Public theft of the dramatic size and nature that characterizes Canada’s Adscam would today be regarded as inconceivable in New Zealand.
For a Kiwi like myself, who was closely involved with reforms in governance over the last generation, Judge Gomery’s inquiry makes for astonishing reading. After an era of world-wide public sector reform focused on themes of accountability, transparency and the separation of management and governance responsibilities, the thought that Canada’s past governments appear to have shirked their responsibility for legislating to prevent scandals of this nature is appalling. Surely they must be held as guilty as the perpetrators.
One asks, “How could some monkeys have got their fingers in the till like this?” But the story is even more fantastic than the allegations that some individuals personally pocketed $100 million and steered some of it back to their political masters. The 2002 report from the Auditor-General that offered the first peek at Adscam turns out to be the tip of the iceberg. Politicians are central to a grander larceny. At least $793 million more had been flagged with serious questions before Adscam.
We take great comfort in the knowledge that the chances of similar incidents occurring here are somewhat remote. Canada’s agony gives us ample justification for the rigorous mechanisms and processes developed here and in other democratic nations to protect against corruption of this nature.
Common law provides a robust means of specifying and enforcing service delivery, but the establishment, monitoring and enforcement of common law obligations is costly and resource intensive, and requires skill and persistence. Inadequate attention to these factors reduces the effectiveness of the common law as a means of ensuring transparency and accountability. The reforms we undertook expanded on the discipline of public law to encompass a wide range of accountability mechanisms and remedies.
Activist governments that commandeer large parts of a nation’s economic production face substantial risks. The New Zealand reforms have therefore been vital in tightening processes in the public sector and hopefully eliminating the opportunity for bribery and other moral hazards. Our legislation clearly defines management and governance responsibilities, and creates a very tall firewall between politicians and the pools of funds so susceptible to diversion.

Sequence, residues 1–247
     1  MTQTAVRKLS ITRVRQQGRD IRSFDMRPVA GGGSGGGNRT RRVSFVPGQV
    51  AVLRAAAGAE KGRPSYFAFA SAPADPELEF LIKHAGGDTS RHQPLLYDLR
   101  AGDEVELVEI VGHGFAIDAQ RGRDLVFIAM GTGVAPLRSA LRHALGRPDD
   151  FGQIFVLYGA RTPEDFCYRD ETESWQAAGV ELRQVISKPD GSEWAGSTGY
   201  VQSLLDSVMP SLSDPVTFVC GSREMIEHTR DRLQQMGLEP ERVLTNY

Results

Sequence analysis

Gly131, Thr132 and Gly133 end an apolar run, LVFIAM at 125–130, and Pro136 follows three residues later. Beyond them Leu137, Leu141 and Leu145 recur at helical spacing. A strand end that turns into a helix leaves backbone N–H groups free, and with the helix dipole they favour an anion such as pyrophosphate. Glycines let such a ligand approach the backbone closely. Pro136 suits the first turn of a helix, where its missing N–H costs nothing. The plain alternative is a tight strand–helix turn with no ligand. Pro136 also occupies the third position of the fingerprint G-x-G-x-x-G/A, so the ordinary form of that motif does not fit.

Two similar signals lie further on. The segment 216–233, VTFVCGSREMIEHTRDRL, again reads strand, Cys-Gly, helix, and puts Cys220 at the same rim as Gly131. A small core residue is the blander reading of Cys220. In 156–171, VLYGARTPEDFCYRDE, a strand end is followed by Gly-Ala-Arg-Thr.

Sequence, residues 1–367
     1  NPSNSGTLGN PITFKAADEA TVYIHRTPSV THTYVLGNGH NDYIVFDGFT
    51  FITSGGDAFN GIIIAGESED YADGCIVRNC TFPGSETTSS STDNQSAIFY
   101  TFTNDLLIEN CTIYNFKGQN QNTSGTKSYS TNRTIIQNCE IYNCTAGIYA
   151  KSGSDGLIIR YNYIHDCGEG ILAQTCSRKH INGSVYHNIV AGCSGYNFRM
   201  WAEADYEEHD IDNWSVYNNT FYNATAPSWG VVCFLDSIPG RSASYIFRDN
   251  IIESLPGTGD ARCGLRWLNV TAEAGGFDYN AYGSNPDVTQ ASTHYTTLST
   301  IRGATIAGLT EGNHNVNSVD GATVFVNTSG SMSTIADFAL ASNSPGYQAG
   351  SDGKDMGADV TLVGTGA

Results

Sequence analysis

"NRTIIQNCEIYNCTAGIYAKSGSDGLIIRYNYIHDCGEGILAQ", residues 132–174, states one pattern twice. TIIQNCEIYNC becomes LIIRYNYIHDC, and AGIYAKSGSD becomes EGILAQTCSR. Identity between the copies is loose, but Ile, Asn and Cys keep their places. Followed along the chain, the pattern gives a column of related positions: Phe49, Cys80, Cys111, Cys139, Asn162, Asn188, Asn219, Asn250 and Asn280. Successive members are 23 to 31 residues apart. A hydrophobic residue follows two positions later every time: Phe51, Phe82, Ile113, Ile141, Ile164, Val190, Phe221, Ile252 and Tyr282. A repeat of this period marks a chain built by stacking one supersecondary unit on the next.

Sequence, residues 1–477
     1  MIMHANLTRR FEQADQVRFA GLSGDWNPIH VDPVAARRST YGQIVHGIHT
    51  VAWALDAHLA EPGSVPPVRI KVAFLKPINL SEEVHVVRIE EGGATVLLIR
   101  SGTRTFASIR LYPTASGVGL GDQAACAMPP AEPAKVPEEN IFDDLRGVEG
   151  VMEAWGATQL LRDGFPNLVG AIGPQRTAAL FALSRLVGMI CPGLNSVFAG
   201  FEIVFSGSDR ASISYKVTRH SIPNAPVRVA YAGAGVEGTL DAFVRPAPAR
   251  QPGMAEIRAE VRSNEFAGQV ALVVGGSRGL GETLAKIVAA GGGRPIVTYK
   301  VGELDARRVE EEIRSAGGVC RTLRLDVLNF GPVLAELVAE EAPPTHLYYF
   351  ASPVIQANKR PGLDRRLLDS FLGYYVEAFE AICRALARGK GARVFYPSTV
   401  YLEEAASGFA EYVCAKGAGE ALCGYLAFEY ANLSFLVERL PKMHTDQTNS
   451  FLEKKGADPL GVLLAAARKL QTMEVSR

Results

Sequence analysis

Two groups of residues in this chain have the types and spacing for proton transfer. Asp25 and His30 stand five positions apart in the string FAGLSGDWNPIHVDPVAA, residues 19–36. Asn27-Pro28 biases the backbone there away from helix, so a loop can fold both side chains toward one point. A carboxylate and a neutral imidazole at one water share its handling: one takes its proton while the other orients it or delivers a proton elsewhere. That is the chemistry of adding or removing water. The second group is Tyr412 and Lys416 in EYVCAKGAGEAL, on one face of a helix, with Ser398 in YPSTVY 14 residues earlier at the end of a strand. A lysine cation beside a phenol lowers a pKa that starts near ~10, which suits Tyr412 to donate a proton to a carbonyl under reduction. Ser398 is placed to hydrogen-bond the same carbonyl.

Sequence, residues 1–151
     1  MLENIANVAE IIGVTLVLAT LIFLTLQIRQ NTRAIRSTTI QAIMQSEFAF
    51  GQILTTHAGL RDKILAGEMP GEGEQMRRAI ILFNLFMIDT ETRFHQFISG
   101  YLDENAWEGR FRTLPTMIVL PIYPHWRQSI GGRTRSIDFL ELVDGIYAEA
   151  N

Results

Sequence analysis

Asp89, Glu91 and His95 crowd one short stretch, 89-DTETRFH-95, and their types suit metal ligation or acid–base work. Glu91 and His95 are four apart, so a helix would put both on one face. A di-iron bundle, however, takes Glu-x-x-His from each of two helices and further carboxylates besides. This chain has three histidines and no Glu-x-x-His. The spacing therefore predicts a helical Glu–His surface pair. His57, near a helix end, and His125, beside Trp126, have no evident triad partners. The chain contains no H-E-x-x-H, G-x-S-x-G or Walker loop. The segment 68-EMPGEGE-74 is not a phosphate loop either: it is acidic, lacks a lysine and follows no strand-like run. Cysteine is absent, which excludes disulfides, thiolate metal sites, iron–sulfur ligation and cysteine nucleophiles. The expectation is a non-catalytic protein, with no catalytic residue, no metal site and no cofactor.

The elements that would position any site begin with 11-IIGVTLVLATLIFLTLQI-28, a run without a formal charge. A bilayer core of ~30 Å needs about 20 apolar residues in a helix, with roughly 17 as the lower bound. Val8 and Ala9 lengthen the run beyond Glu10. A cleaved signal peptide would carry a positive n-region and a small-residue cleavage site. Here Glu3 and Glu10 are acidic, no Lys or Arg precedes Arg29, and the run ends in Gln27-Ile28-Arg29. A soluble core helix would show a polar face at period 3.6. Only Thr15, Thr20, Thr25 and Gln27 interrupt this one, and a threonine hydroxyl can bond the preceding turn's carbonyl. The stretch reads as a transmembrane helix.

It is not sufficient, as witnesses to the Gomery maintain, to speculate that dedicated public servants in Ottawa must have known what was going down. Many did object, only to be countermanded by more connected people higher up the feeding chain. The accountability of government managers vis-à-vis their political masters must be clearly defined and all decisions taken transparently. There is little opportunity for politicians in New Zealand to curry favour for their mates in the awarding of contracts. Put simply, politicians here have the responsibility for budgets, but they are completely separated from the managers who give effect to approved plans and budgets.
The legislated responsibilities of a public sector chief executive in New Zealand include employing staff on behalf of the agency, and the agency is obliged to ensure that its governance structures and processes are effective, open and transparent. A central government department chief executive is responsible to cabinet ministers for the financial management and performance of all departments.
The chief executive is responsible also for implementing the decisions of an agency’s governors and ensuring effective and efficient management of its activities. This function complements other laws that involve the Controller and Auditor-General, who is an Officer of Parliament, no less, and which strengthens their roles as instruments of public accountability. Management is held to account in the awarding of contracts and processes are transparent through those agencies and the Chief Ombudsman.
If not completely immune from criminal behaviour, New Zealand’s governments have at least made it much clearer than yours that institutional remedies are available.
Separating politicians from management should be the number one campaign issue in the next Canadian election. Adscam didn’t have to happen, but the fact that it did shows your country needs more than good intentions. To quote the American philosopher, Ralph Waldo Emerson, when faced with a sanctimonious dinner guest, “The louder he talked of his honour, the faster we counted our spoons.”
Politicians need better laws to save them from temptation.
Bob Vine is the Executive Director of Interlog (New Zealand) Limited, a consulting group specializing in local government reform and Internet services for local government.